Dennis Tourbin: The Language of Visual Poetry and Sharon Hayes: Loudspeakers and Other Forms of Listening

By Becky Rynor on March 10, 2014

Dennis Tourbin, Television Conversations (1993), acrylic on canvas. © The Estate of Dennis Tourbin, CARCC, 2013

Their work could not be more different in terms of appearance and approach, but put Canadian artist Dennis Tourbin together with American artist Sharon Hayes, and “something clicks.”

“They’re definitely sharing a lot in terms of their ideas,” says Sandra Dyck, Director of the Carleton University Art Gallery (CUAG) in Ottawa, Ontario.

“The taking up and addressing of political events is the most obvious linkage between the two exhibitions,” she said in an interview with NGC Magazine. “They very much share an interest in speech and in text: how people are represented in the news, and how women speakers and male speakers are interpreted differently by journalists.”

Dennis Tourbin was a painter, poet, performance artist and arts activist. He died in 1998 at the age of 52, leaving a legacy of colourful, pop-influenced political art. His best-known works address the October Crisis of 1970, which was triggered by the kidnappings of two government officials by members of the Front de libération du Québec. Tourbin documented the events by obsessively clipping newspaper articles to create paintings and collages. “It changed the way we saw ourselves,” Tourbin wrote about the events. “We entered a new age: the media age.”

One his most famous works from that time, La crise d’octobre/Chronology (1990) is on loan to the CUAG from the National Gallery of Canada’s permanent collection.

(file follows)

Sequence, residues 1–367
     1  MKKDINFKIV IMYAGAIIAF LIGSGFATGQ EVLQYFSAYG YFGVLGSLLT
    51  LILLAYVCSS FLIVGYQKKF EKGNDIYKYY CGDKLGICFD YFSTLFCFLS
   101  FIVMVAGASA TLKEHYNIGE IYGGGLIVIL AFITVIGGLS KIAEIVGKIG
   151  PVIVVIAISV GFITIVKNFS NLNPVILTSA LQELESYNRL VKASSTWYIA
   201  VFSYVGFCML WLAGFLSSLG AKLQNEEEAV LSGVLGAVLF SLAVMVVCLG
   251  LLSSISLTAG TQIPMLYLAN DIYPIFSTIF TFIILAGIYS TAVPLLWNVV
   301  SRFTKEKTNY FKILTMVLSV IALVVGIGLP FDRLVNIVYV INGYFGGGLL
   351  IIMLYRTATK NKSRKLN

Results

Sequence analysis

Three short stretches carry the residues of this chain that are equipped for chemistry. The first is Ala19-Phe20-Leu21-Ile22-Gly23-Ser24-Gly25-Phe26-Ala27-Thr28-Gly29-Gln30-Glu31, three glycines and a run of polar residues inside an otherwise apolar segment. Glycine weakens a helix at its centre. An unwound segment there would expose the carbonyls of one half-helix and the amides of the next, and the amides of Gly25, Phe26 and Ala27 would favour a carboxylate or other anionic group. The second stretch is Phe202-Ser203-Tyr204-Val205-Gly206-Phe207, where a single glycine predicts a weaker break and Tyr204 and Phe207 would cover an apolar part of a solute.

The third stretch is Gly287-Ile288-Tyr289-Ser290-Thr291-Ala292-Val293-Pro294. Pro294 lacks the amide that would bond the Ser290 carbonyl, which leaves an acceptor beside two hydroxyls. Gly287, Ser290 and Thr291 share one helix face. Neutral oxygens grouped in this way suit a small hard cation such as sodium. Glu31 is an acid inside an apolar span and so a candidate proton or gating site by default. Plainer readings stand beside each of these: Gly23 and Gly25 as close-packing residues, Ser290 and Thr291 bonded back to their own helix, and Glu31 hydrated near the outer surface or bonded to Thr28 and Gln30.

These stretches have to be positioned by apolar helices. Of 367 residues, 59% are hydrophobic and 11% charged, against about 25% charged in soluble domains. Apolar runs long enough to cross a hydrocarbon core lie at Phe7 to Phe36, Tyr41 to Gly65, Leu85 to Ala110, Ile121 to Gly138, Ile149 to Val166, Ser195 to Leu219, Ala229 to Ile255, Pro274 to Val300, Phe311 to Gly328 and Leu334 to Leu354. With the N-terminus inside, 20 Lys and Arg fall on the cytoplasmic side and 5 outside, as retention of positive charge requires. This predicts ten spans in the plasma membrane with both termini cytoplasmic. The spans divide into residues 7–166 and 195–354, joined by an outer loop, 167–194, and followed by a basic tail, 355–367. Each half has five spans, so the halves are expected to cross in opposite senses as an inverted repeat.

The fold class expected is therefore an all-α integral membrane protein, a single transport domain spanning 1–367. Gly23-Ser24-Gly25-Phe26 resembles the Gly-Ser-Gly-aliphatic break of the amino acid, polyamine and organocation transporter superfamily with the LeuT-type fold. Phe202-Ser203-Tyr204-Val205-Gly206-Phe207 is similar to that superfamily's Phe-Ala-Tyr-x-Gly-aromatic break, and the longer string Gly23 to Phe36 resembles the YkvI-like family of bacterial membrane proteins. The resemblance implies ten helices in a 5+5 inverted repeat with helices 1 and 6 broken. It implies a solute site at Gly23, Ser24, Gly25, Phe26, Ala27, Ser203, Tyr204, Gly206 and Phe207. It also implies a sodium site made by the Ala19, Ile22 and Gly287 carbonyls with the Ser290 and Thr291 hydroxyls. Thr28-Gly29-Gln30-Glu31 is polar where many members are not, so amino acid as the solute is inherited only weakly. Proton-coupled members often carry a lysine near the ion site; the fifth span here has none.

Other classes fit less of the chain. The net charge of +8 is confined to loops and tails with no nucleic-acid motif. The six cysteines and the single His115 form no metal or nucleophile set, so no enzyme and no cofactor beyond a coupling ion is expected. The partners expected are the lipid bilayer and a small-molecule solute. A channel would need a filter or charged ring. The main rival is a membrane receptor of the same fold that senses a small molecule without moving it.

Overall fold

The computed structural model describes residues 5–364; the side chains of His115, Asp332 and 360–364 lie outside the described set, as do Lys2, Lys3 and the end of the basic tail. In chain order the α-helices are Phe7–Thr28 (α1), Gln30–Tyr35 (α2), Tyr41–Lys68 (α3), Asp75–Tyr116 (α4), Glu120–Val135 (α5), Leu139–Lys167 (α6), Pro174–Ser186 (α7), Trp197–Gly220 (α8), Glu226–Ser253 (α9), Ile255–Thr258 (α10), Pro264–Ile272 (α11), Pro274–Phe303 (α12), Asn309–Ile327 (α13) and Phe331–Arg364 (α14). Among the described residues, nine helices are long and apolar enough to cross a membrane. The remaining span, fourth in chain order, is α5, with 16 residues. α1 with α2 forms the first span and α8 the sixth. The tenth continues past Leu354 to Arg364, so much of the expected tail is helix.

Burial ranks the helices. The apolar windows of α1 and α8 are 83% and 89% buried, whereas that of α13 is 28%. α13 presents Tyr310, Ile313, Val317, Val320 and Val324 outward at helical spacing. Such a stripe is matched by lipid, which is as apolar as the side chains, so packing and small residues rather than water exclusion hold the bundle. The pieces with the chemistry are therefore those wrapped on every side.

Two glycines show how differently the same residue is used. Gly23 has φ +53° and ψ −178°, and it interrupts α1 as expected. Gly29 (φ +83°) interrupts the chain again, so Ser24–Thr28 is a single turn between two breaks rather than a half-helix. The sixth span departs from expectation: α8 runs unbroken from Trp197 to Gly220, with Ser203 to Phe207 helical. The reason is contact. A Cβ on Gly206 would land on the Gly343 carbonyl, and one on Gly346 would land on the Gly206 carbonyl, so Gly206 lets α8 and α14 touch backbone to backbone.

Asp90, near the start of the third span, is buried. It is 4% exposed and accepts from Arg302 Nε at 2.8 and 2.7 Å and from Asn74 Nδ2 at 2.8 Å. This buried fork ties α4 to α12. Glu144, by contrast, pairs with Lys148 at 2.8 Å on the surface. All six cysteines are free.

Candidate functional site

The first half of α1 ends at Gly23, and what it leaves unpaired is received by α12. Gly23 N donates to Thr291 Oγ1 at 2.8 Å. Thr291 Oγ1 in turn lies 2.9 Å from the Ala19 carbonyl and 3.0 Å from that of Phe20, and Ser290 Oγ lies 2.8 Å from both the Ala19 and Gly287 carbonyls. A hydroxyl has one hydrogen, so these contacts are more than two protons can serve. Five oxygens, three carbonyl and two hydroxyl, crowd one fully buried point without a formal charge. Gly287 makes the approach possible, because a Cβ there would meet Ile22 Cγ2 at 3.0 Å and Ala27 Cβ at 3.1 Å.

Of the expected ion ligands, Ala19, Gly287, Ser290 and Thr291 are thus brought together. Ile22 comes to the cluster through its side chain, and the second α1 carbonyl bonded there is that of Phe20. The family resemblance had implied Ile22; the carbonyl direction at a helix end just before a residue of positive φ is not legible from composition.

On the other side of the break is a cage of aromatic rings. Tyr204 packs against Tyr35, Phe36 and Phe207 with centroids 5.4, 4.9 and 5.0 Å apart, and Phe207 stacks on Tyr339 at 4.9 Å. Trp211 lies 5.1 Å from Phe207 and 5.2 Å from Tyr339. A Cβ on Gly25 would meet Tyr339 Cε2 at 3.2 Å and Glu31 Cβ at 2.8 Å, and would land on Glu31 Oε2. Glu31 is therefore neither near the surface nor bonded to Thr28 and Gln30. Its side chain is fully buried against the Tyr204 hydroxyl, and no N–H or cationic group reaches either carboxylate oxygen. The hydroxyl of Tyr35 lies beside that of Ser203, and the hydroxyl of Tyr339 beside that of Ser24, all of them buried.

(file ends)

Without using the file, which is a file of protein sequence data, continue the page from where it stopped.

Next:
The work of internationally-acclaimed multimedia artist Sharon Hayes also explores topics such as student activism, gender and sexual politics, and the Patty Hearst kidnapping in 1974. Hearst recorded four audio tapes after being abducted by the radical political group, the Symbionese Liberation Army. Hayes later performed a “re-speaking” of the tapes.  

“One of the privileges of doing this show is the privilege of being introduced to Dennis’s work,” Hayes told NGC Magazine. “He situates himself as an artist, along with his work, inside of a conversation between art and other fields: art and politics; art and the social in a large sense. That is something that has certainly been really operative in my work: that art is always in communication with other forms of social, political and cultural contact dialogue production.

Sharon Hayes, Her Voice (2012), video (detail), courtesy of the artist and Tanya Leighton Gallery, Berlin

Hayes was one of two artists to receive a Special Mention at the 2013 Venice Biennale for her work involving "speech acts" that address the intertwining of history, politics, love, and public speech. Like Tourbin, she is interested in examining or “speaking back” to political events of an earlier era.

“There’s some obvious crossover in terms of a mutual interest in looking back at large mediated political crises, and looking at the relationship between the political crisis and the mediation of that crisis,” Hayes says. “The biggest differences lie in [an artist’s] aesthetic strategies. We’re employing very different ways of translating historical events or these mediated crises into a present moment, and into a kind of encounter with an audience.”

Dennis Tourbin: The Language of Visual Poetry and Sharon Hayes: Loudspeakers and Other Forms of Listening will be on view at the Carleton University Art Gallery in Ottawa, Ontario until April 27, 2014.


By Becky Rynor| March 10, 2014
Categories:  Correspondents

About the Author

Becky Rynor

Becky Rynor

Becky Rynor is a journalist and editor based in Ottawa.

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